Rust-en-Vrede Gallery

Current Exhibitions: Art Social:Quality Time, Annelie Janse van Rensburg, Barry van der Westhuizen, Garth Meyer and Ian Glenny (1952-2023)

Make Up / My Mind

Karin Lijnes

5 April – 4 May 2016

“In her curiosity Karin Lijnes is driven to explore the effect of consumer culture on our experience of the world. She has drawn attention to the things that we use usually only subliminally aware of their significance… She leaves us without answers but a greater understanding of the questions we need to ask.” (Wilma Cruise 2010)

In my work I examine, expand and negotiate the concept of female identity within a rampant consumer culture through the use of a wide range of materials, images and processes.

The works comprise of ceramic and neon installations, a cluster of works on paper and slip cast jik bottles. The materials used are mainly clay, found objects such as feathers, Old master pages, gold leaf and Neon lights.

The porcelain heads are derived from a mould of a mould and therefore conceptually underscore notions of same-ness and stereotypes associated with female identity. The heads are in various shades of red and relate to names of lipstick shades taken from fashion houses such as Mac, Dolce&Gabbana, and Chanel: Pirate, Fatale, Rebel, Fearless, Fierce and Red Dragon (as if wearing lipstick can make women invincible even in these times of unacceptable levels of gender-based violence). The names of the lipstick shades are scripted in five neon lights, also in various shades of pinks and reds.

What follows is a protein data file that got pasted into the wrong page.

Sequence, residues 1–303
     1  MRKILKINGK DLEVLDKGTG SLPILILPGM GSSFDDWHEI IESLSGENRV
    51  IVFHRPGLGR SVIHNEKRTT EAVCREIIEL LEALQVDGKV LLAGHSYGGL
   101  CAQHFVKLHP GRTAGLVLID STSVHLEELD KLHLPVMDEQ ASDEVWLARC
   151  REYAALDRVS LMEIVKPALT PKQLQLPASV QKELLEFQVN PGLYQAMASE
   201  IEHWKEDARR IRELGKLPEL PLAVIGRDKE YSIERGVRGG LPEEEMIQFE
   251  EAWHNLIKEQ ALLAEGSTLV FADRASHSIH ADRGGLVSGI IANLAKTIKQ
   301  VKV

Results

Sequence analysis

The paper works include selected pieces from the Beautiful Rocket Series, from the doppels Series and Gilded Subtext Series. This reflects my eclectic approach also seen in the use of clay in dialogue/talking to found materials and objects. Many of these use the Rorschach method, which is placing inks, lipstick, nailpolish or paint blobs and pressing into the fold of a piece of paper. It is the unexpected juxtapositions of the familiar and the strange that are interesting to me and set up interactions or what Rosi Braidotti calls, ‘surface intensities’ or becomings.

The installation of slip cast porcelain bottles appropriates the readymade object, brands and cultural icons. The process of casting is slow and laborious in contradistinction to the manufacture of its plastic counterpart. Further, each brand logo hand painted with oxides, brings the simplest of discarded household objects, back to the level of awareness.

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